Are the editors great? Why current news features on the pot are a bad idea

Legalization of marijuana in different states presents a new kind of mainstream media behavior.

Apparently, the concept of “family newspaper” has changed.

Many of the major regional news outlets in the 18 states, where marijuana is fully legal, have now incorporated cannabis into a beautiful way of life that emphasizes the virtues of the once-underground cannabis culture. Retail stores, specialty smoking salons, and “Pot Future” dinner recipes are available in the “Entertainment” and “Food” sections.

A leading California newspaper recently offered instructions on how to enjoy Disneyland; The space mountain roller coaster was a special favorite. In the Northwest, a major news outlet reported that after eating a certain pot, a glow-in-the-dark mini golf was much better. In Colorado, a special online section of Cannabis Paper offers ways to include cannabis in a Thanksgiving recipe. One of the largest Midwest news outlets has published a book entitled “How to Make a Marijuana Dinner with Tips on Mild, Climate, and Noise Killing.”

At some point, there is no problem with that, I guess. In those states, these practices are not against the law. And legitimacy, one might argue, has some tangible social benefits. The motive for criminalizing cannabis is based on a convincing and undeniable fact that many people overcrowded prisons and jails with minor marijuana charges. It can be said that our society as a whole would be better off without those pot limits.

But rushing to correct that mistake has led to a list of possible problems. Basically, scientific research and law enforcement practices did not have time to adapt to the new legal reality; The effects of that are now visible every day.

The police use a blood pressure monitor to determine if a person is driving under the influence of alcohol. Trying to do any similar assessment with marijuana will give the police and the courts a better gray area. In fact, the websites of law firms specializing in DUI arrests – now many new and non-alcoholic customers are flocking – carefully explain how these confusing lines can get out of trouble.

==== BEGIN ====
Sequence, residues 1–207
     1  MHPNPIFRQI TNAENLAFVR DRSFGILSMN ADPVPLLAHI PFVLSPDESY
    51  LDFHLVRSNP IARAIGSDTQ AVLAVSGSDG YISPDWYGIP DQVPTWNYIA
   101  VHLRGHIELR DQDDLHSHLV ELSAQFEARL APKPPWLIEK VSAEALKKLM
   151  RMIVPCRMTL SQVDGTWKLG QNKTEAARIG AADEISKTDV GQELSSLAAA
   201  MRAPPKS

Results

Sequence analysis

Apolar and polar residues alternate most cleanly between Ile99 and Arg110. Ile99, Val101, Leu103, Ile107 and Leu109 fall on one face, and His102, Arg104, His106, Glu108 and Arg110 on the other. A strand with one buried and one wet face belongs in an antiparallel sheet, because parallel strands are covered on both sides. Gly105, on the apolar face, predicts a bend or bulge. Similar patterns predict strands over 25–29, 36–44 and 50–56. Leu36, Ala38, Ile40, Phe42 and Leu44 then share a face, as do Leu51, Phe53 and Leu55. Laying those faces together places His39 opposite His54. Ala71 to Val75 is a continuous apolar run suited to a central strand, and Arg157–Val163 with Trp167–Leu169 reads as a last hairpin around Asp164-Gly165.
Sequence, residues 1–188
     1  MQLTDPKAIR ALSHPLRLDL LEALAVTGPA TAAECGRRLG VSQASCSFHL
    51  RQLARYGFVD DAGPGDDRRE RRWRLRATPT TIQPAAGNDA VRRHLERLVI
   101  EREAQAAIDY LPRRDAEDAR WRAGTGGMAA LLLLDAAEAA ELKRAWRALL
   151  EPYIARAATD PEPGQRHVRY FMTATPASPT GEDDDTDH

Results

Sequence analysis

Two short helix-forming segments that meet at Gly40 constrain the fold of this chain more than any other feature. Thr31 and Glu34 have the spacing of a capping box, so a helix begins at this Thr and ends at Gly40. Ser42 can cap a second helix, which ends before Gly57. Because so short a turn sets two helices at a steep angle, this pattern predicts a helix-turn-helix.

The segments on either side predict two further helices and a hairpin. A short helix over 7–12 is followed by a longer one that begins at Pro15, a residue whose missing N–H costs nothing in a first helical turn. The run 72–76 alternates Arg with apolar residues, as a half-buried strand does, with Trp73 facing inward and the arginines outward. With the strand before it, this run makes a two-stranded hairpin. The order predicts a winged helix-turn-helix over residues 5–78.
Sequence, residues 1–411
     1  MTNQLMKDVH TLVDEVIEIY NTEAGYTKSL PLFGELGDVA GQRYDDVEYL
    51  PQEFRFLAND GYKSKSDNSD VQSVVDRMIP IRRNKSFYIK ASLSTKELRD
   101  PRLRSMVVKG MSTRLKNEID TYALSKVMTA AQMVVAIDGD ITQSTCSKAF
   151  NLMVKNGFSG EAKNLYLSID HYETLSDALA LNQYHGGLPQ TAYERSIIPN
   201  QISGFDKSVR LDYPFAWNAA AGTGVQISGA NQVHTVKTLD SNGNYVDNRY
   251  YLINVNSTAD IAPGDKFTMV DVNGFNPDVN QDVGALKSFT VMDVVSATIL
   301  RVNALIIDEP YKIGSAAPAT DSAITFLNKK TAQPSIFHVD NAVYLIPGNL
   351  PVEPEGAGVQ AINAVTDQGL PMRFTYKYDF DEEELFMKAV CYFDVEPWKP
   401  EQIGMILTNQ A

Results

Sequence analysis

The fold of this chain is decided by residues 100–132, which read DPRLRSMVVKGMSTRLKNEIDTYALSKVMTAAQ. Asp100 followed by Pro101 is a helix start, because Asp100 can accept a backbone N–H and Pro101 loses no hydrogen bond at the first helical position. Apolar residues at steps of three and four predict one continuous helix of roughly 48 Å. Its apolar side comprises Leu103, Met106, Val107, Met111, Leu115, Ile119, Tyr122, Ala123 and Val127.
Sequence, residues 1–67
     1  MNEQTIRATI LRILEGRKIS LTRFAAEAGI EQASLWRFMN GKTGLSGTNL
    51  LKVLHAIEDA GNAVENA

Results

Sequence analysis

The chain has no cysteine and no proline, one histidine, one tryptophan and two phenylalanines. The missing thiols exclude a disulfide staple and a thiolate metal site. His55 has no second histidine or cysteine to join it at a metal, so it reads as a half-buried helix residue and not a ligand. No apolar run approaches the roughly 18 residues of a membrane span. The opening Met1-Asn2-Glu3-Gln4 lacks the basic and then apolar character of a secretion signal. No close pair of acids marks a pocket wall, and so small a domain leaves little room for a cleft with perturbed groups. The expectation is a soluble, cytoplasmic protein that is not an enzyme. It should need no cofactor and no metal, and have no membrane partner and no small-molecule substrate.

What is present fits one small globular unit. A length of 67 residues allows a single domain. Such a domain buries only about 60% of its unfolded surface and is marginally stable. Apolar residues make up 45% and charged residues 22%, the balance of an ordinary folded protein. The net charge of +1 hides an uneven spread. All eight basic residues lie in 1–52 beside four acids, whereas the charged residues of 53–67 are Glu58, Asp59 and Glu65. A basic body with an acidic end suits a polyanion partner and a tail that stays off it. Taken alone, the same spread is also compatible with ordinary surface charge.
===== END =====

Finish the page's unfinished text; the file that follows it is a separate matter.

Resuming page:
And there is more gray on it. Most states have strict rules on cannabis distribution. As a result, out-of-control pottery business is booming. According to one report, 80 to 90 percent of marijuana sales in California fall within the “legal gray zone.” The state legislature even approved a $ 100 million plan last year to strengthen its “struggling” licensed cannabis business.

That is, many pot products do not usually follow any production standards. A study of emergency rooms in the Denver area shows that candy-like “edible” marijuana products have caused an “disproportionate number of pot-related medical crises.” According to a study by the University of Michigan, duplication of cannabis with e-cigarettes is often more dangerous than smoking.

Hard news reporters write about it all, of course. Stress issues are not ignored. And feature stories always contain warnings about driving or moving complex machinery under pressure. But this does not eliminate the question that many media outlets are now asking about marijuana.

Some news outlets publish articles that suggest drunkenness.

Although the feature sections often highlight cocktail recipes and seasonal bars, readers will not find tips on how enjoyable Disneyland is after two or three whiskey drinks. It is difficult to find a major newspaper guide in the city where you smoke a few cigarettes.

That marijuana push makes him feel a little more desperate. News agencies often get angry when they reach a young audience. Critics, critics, and lifestyle writers have to point the finger at hip-hop in the popular culture.

Coverage of cannabis culture is part of that radical movement that is considered democratically “related.” But all of this comes at the expense of seemingly irresponsible and, at the very least, unhealthy.

Again, there are important positive aspects to legalizing marijuana – especially in the field of criminal justice. But this does not mean that it is a normal consumer product such as coffee or chocolate bar.

There are responsibilities, including the right to use cannabis legally. Not only for users but also for news organizations.

Joe Ferrulo is an award-winning media executive, producer and journalist and former executive vice president of programming for CBS Television. He was the news executive for NBC, the editor-in-chief of Dateline NBC, and ABC News. Follow him on Twitter. @ Iron Worker 1.


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